It looks like pretty good timing. Less than a week after a couple of critical infrastructure experts bemoaned the ongoing lack of security in the industry, the US National Institute of Standards and Technology (NIST) is out with the latest (fifth) draft of its Security and Privacy Controls for Information Systems and Organizations, with some specific emphasis on that sector.
Early on, in a section titled Notes to Reviewers, NIST declares:
There is an urgent need to further strengthen the underlying information systems, component products, and services that we depend on in every sector of the critical infrastructure – ensuring those systems, components, and services are sufficiently trustworthy and provide the necessary resilience to support the economic and national security interests of the United States.
So, will that call to action move the industry at least a credible step toward retiring the specter of a “cyber Pearl Harbor” attack against the US grid or other critical infrastructure?
Not likely, it seems. While the draft – nearly 500 pages long – makes more than a dozen mentions of critical infrastructure, along with a couple of references to industrial control systems (ICS), it is not expected to move the needle all that much.
The most compelling evidence for that is right in the document, if you can make it to page 174, where it says:
The requirement and guidance for defining critical infrastructure and key resources and for preparing an associated critical infrastructure protection plan are found in applicable laws, Executive Orders, directives, policies, regulations, standards, and guidelines.
In other words, nothing new to see here. The “requirement and guidance” are based on what already exists, which has resulted in what Galina Antova, cofounder and chief business development officer at Claroty, called “The Lost Decade of Information Security”.
Joe Weiss, managing partner of Applied Control Solutions, who complained over the past several weeks in posts on his Unfettered blog about a lack of security in ICS process sensors, noted that in spite of numerous references in this new draft to “sensors” and “process controls”, there is nothing in all the “laws, Executive Orders, directives …” etc. that even mentions process sensors. He said:
This is a really big deal, but still, not one of our [ICS] vendors makes authenticated process sensors today.
Another ICS expert, who couldn’t speak for attribution “because of employment stuff,” said in his view such documents amount to
… lots of words and lofty goals, but I really don’t see much changing until things gets out of control and dangerous to the point of diminishing returns at all levels of society. Then there won’t be any other choice, but at that point will we even have a choice? Gloomy times ahead from my perspective, sorry to say.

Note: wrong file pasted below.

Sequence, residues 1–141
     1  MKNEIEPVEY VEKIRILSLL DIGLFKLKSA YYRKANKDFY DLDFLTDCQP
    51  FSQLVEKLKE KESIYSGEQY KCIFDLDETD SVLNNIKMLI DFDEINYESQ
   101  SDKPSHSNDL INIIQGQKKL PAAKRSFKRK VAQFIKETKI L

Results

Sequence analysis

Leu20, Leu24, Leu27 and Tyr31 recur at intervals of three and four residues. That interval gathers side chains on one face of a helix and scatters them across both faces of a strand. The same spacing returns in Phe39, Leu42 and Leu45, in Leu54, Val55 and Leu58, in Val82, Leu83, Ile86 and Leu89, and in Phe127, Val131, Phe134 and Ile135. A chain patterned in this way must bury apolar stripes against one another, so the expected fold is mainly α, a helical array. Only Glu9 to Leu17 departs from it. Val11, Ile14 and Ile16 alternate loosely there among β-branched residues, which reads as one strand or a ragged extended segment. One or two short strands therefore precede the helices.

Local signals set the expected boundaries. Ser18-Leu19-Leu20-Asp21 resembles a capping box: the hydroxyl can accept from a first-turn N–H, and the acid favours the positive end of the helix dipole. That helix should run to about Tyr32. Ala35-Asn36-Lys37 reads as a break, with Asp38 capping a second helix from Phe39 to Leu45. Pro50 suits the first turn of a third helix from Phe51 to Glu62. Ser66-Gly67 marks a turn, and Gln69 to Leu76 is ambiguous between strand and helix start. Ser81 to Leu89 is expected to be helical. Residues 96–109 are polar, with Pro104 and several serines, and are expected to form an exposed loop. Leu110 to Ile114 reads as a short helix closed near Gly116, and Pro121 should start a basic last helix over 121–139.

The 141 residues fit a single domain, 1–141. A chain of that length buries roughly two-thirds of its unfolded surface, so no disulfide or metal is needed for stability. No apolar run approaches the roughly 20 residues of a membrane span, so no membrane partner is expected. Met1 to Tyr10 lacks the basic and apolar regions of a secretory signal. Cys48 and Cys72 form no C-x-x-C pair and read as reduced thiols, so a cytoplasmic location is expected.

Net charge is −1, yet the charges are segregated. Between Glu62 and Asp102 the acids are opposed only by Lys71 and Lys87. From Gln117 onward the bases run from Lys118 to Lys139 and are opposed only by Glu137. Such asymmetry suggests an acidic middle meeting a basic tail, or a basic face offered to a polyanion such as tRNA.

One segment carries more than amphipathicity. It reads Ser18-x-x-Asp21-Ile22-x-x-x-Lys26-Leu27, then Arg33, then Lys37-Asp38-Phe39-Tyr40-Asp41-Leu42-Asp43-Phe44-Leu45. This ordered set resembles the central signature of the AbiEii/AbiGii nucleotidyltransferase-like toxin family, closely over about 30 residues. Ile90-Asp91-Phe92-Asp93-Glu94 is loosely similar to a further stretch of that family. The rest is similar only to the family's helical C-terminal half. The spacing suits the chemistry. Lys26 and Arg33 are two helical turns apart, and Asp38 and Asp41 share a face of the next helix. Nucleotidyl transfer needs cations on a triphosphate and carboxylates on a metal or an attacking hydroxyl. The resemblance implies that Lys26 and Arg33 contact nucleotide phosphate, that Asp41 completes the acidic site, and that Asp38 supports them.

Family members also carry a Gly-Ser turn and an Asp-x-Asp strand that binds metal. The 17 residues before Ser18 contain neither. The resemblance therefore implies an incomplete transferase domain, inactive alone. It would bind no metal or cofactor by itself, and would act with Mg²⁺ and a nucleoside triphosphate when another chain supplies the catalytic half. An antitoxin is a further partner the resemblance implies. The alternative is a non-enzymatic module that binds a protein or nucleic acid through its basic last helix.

Not everybody’s view is that bleak. David Shearer, CEO of (ISC)2, an international nonprofit membership association for information security professionals, said he agrees that if attackers are able to get control of elements of ICS infrastructure and change what it does, there could be, “catastrophic outcomes” in everything from medicine to food safety, manufacturing and critical infrastructure, adding:
A threat actor assuming control of an ICS for a dam floodgate, electrical infrastructure, a fossil or nuclear fueled power plant could have life, limb and property implications.
But, he said he is encouraged that NIST is raising awareness that “the argument that ICS enjoys security through obscurity has quickly become a thing of the past,” and that “critical infrastructure cannot be an afterthought”.
And James Scott, cofounder and senior fellow at ICIT (Institute for Critical Infrastructure Technology), said it is important to note that in the private sector, NIST can only persuade, since it doesn’t have the authority to sanction private-sector organizations that fail to meet its standards.
Their standards are just that – standards – and there are no actual requirements on industry to use them to make their organizational IoT microcosms more cybersecure. NIST is doing all they can with the powers that have been allocated to them.
Of course, NIST can and does mandate that the use of the controls it lists apply to all “federal information systems and organizations … in accordance with the provisions of the Federal Information Security Modernization Act7 (FISMA)”.
And, given that the federal government is, by orders of magnitude, the biggest “business” in the country, that should carry considerable weight.
But Scott said Congress still needs to get a lot more aggressive with the private sector, passing legislation that will
…enforce these standards with heavy penalties for those organizations that are breached due to not using these standards. A gentle tap on the shoulder with a hint at standards is the reason our critical infrastructure lacks resiliency.